Furious blind people joined residents in Sloane Square in Chelsea this morning to protest against a 'discriminatory' traffic system.
Angry shouts filled the air as around 50 people gathered in the famous square to voice their displeasure on the new-look Holbein Place.
Road markings and curbs have been removed from the busy thoroughfare as part of Kensington and Chelsea Council's continued attempts to 'de-clutter' the streets.
But residents claim it is dangerous, especially for those people who cannot see traffic streaming down the busy lane.
During the rally, in which colourful banners were waved and chants shouted, emotions reached boiling point.
One furious resident came storming up to London Assembly member and Conservative councillor Victoria Borwick, who is breaking ranks to oppose the Tory council's scheme.
Turning red with rage, the man shouted: "This road is incredibly dangerous and the people who we vote for can't be bothered to turn up. The leader of the council should be ashamed of himself."
The man then stormed off, watched by bemused onlookers, before narrowly avoiding being hit by a car.
Deputy leader Cllr Daniel Moylan also attracted criticism. The crowd first booed when his name was mentioned then broke into an enthusiastic chant of 'What do we want? Moylan out!'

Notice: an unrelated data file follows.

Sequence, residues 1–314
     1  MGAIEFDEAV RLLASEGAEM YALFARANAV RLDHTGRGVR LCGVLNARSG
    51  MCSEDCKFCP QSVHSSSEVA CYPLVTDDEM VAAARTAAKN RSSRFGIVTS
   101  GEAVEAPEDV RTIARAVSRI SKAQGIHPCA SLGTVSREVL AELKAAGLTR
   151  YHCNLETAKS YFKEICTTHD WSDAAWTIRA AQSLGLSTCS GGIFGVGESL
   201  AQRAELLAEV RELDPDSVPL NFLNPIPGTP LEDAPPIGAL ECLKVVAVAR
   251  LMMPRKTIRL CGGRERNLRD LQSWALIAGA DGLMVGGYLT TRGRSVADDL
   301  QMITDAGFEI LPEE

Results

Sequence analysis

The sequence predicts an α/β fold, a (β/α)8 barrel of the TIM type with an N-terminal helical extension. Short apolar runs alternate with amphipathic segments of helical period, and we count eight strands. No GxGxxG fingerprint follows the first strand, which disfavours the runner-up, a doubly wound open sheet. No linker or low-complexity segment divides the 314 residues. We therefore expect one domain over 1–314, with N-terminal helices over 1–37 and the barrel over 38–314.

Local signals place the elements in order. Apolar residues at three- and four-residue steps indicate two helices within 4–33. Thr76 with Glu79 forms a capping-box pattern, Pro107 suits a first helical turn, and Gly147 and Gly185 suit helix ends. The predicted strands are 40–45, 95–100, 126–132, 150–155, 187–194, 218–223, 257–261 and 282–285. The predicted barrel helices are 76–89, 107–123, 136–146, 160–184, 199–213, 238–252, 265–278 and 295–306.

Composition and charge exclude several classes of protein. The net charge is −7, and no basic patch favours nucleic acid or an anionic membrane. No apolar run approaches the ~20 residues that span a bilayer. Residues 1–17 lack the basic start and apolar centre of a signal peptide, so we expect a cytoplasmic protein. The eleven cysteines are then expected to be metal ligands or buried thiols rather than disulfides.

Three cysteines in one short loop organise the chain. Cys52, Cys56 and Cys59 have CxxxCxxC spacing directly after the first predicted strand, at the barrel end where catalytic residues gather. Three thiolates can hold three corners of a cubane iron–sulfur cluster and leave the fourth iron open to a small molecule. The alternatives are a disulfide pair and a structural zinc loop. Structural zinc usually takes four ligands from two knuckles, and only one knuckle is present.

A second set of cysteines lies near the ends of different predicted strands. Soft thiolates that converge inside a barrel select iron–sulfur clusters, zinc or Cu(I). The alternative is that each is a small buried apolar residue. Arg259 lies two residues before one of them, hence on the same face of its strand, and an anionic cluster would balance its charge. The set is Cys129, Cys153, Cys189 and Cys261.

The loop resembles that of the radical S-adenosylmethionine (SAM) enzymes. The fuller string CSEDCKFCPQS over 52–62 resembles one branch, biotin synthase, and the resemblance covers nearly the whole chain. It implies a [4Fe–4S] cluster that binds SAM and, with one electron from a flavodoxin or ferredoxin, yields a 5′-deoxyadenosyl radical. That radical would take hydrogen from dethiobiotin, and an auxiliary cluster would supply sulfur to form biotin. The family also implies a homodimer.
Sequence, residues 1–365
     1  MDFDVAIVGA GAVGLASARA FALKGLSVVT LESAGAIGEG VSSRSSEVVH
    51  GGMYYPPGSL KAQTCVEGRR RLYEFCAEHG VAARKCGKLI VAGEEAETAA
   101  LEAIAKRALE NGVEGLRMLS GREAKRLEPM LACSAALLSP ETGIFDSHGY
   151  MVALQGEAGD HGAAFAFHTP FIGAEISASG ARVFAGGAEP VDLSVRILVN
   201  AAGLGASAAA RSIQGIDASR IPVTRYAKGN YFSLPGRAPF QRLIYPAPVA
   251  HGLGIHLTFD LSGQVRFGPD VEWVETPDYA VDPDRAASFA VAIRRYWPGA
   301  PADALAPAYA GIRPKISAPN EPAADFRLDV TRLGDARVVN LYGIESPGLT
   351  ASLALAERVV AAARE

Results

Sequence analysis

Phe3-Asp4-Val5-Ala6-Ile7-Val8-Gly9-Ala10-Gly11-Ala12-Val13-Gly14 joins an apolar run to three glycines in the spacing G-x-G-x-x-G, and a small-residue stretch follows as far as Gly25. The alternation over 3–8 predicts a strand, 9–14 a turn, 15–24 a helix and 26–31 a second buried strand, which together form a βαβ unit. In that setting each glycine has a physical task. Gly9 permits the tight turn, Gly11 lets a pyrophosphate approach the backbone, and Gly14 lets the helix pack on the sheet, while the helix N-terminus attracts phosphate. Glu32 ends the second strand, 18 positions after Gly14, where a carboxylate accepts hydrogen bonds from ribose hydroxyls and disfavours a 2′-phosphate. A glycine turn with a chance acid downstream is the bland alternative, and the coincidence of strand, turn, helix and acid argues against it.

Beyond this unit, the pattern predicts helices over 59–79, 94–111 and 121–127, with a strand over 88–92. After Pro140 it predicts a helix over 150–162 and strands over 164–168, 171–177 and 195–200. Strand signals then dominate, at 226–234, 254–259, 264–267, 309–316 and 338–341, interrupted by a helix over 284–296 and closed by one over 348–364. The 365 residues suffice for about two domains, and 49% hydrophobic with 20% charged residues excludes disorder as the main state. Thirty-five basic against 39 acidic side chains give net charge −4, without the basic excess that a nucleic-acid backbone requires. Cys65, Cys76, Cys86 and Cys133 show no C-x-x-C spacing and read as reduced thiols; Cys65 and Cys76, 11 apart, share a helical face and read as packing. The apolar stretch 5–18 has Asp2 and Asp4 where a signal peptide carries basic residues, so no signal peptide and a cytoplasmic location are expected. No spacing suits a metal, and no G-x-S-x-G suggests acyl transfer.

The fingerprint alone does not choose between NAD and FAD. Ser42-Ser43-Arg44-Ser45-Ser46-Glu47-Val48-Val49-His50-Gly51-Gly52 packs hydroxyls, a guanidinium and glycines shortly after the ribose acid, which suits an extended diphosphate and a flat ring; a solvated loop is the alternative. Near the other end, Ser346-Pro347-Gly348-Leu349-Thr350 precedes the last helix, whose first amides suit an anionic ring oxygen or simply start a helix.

Members of the Tax Payers' Alliance, Royal Borough pressure group Residents First!, and the West London Residents' Association were also on hand.
They were joined by partially-sighted and blind people from leading charities.
Jim Lewis, 33, from charity Sense, has been blind since birth. He said: "This is discrimination. Getting around is a nightmare and this is just a bad idea."
Another 'shared space' scheme is planned for the borough as part of a multi-million pound plan to improve Exhibition Road.
Kensington and Chelsea Council claims Holbein Place is now 'an attractive and generous space for visitors and residents, with vastly reduced delays in crossing the road.'
A council spokesperson added: “We believe that the new arrangements which, are being closely monitored, are suitable for less mobile and visually impaired pedestrians."
“The scheme represents a significant improvement for pedestrians. Our monitoring shows that the junction is working well with most drivers slowing down and giving way to pedestrians.
“We would emphasise that no design is considered complete until monitoring is finished and we would look to make adjustments should they be needed.”